Mri

The ability to obtain images with resolutions approaching that of a single cell (< 50 ^m) makes MRI particularly well suited for noninvasive studies of stem cell transplants. MRI has become a well-established clinical tool for the noninvasive imaging of anatomical changes in many organ systems. Similarly, highresolution magnetic resonance microscopy (MRM) has also made tremendous strides forward due to advances in magnet technology. MRM images can now be achieved routinely with resolutions well below 100 microns (Benveniste and Blackband, 2006; Maronpot et al., 2004; Ciobanu and Pennington, 2004; Ciobanu et al., 2002). MRM brings not only new capabilities, but also technical challenges to the field of MRI (Tyszka et al., 2005; Pirko et al., 2005). It is rare that MR images are acquired with isotropic resolutions less than 10 ^m and it has been previously estimated that the fundamental limitation to spatial resolution is on the order of 1 ^m (Tyszka et al., 2005). In practice, the achievable imaging resolution will be limited by available gradient strength and sensitivity that is achievable in a given amount of time.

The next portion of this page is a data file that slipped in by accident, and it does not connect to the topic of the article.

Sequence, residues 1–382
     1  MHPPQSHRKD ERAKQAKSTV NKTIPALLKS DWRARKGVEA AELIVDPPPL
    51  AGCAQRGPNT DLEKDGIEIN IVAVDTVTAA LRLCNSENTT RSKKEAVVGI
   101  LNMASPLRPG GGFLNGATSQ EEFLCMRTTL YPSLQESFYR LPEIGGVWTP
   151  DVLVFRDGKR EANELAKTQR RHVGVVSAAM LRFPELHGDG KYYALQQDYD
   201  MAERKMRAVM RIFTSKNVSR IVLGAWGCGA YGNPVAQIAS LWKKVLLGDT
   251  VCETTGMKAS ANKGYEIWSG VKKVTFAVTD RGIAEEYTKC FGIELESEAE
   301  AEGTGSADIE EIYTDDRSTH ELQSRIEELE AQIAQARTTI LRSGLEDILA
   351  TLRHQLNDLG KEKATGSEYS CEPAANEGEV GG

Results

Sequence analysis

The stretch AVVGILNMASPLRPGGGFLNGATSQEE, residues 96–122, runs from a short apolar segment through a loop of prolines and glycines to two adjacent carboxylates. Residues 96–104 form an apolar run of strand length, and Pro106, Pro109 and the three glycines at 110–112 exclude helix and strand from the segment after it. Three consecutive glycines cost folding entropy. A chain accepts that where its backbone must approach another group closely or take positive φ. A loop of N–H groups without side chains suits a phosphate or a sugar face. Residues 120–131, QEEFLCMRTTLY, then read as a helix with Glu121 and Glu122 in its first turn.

A number of strategies have been employed to improve MR sensitivity by increasing signal to noise. This can be achieved by increasing the magnitude of the induced nuclear magnetism or the efficiency of signal detection (Beck et al., 2002). With the advent of high-field, whole body magnets (3-9.4 T) and ultrahigh field animal imagers (11-21 T) equipped with high performance gradients and phase array RF capabilities, the potential for increased sensitivity can be realized in vivo, but it is still unknown as to whether these technological improvements directly translate into an enhanced ability to perform molecular and cellular imaging. Furthermore, it is widely recognized that numerous MR contrast mechanisms are dependent upon magnetic field strength, offering opportunities for enhanced and emergent contrast mechanisms that could be exploited at high fields for cellular imaging. Figure 6.2 illustrates the great potential of MR microscopy at high fields, namely 21.1 T. In this example, the magnetic field-dependent, susceptibility-weighted contrast afforded by a gradient-recall echo acquisition provides excellent delineation of neuroanatomical structures in an excised, perfusion-fixed C57BL/6J mouse brain while also providing a high spatial resolution of 18 x 18 x 35 ^m3 (Fu et al., 2005). To achieve this level of detail, it is usually necessary to image samples ex vivo using optimized MRM coils and to acquire data over a long acquisition period. On the other hand, in vivo imaging is complicated by the need to image internal structures and by limitations in the total imaging time available. For instance, the achievable resolution in an animal experiment is constrained by the need to maintain a physiologically relevant status, which limits the imaging time, methods of restraint, and exposure to anesthesia.